Sri Lanka’s Prime Minister Mahinda Rajapaksa pleaded for “patience” Monday as thousands continued to take to the streets to protest his family’s rule, with public anger at a fever pitch over the country’s crippling economic crisis, AFP reported.
Sri Lanka’s 22 million residents have seen weeks of power blackouts and severe shortages of food, fuel and even life-saving medicine in the country’s worst downturn since independence in 1948.
Protesters have rallied daily since Saturday against President Gotabaya Rajapaksa – Mahinda’s younger brother – in Colombo and across the island nation, chanting “Gota go home” and calling for his government’s removal.
In his first address since the crisis, Mahinda – the patriarch of the powerful Rajapaksa family omnipresent in Sri Lanka’s politics for two decades – said he needed more time to pull the nation out of the deep end.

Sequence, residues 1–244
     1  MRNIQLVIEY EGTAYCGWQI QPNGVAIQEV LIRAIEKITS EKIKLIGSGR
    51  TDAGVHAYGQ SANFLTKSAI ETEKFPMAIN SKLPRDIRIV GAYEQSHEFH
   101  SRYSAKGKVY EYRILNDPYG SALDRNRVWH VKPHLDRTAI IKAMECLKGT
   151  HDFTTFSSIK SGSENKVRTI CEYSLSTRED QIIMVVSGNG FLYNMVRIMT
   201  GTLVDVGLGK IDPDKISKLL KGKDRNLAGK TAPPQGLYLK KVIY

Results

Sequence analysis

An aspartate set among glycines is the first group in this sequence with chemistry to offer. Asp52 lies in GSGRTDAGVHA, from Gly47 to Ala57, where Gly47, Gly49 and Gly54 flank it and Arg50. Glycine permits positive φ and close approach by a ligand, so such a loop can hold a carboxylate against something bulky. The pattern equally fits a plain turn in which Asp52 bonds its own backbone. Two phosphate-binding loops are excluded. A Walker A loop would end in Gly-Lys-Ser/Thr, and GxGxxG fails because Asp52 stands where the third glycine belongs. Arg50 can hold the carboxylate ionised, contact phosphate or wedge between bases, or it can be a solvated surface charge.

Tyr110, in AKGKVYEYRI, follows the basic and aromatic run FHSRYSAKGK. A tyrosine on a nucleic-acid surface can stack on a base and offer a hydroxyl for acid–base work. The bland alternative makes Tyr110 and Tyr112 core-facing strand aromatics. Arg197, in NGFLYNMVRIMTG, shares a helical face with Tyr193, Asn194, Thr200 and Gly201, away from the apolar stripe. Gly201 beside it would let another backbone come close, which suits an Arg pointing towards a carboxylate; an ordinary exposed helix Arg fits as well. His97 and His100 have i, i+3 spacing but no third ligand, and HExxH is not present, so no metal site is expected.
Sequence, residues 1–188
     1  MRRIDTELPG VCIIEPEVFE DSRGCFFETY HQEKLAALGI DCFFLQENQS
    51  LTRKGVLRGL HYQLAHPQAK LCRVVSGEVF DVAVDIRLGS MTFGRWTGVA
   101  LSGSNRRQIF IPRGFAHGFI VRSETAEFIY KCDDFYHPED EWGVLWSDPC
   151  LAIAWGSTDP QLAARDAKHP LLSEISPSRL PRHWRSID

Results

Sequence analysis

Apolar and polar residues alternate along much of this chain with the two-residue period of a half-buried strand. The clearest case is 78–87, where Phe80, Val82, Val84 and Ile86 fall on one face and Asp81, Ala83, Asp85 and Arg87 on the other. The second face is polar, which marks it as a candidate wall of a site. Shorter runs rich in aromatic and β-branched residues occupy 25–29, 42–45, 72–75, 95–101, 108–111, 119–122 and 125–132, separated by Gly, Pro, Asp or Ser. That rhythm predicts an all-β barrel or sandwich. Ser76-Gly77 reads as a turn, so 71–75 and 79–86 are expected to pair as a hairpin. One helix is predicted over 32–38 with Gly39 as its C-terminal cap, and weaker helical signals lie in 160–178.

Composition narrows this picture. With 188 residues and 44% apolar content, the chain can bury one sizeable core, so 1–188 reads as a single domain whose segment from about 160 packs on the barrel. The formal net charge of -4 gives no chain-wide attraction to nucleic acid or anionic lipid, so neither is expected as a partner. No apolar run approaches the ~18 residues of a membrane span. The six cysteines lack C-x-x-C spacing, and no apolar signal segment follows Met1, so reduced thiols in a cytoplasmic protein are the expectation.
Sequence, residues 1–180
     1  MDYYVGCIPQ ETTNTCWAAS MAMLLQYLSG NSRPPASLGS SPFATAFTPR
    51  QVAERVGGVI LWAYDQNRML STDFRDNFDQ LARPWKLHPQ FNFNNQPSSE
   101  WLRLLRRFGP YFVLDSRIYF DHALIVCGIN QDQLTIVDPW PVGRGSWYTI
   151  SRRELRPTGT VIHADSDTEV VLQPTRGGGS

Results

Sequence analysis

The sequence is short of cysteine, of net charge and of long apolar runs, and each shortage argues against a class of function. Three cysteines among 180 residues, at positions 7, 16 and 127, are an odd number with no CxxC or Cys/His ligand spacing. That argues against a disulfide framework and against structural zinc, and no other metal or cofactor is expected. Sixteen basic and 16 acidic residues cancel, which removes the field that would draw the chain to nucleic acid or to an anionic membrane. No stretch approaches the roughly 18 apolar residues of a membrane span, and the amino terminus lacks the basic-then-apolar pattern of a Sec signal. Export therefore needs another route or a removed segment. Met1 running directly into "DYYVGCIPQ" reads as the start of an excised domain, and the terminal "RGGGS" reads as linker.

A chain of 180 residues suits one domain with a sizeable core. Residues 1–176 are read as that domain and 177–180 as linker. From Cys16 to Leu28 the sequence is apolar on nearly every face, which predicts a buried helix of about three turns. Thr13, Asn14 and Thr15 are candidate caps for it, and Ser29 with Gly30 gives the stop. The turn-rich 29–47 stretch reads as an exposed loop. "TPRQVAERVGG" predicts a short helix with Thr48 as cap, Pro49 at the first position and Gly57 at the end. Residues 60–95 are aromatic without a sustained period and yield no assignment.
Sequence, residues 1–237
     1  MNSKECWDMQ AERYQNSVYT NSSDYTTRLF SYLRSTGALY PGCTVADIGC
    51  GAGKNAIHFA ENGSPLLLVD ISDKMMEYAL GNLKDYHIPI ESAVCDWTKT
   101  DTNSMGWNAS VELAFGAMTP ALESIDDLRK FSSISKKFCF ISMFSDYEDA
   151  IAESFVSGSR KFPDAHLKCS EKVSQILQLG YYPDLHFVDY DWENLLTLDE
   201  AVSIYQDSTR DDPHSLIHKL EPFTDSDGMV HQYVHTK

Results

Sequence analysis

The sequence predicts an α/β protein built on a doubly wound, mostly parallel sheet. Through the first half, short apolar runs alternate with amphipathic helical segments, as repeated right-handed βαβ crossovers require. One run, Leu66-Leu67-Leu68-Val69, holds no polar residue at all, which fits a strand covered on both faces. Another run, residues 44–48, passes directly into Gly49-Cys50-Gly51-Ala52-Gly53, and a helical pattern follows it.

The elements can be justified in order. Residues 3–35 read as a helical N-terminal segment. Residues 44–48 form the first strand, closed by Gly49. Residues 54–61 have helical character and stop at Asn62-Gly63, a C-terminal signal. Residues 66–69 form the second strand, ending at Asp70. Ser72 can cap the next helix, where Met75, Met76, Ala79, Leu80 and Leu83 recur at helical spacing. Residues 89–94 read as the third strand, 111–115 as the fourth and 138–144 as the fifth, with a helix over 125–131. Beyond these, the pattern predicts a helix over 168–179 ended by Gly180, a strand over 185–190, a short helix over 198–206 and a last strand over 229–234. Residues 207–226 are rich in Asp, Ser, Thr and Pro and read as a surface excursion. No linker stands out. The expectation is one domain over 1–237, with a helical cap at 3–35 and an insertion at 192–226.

“Even if we can’t stop this crisis in two or three days, we will solve it as soon as possible,” Rajapaksa said.
“Every minute you protest on the streets, we lose an opportunity to earn dollars for the country,” he said.
“Please remember that the country needs your patience at this critical moment.”
Pressure on the powerful Rajapaksa family has intensified in recent days, with the country’s vital business community also withdrawing support for them over the weekend.
Mahinda did not directly address the growing calls for him and Gotabaya to step down, but he defended his administration by saying that opposition parties had rejected their offer to form a unity government.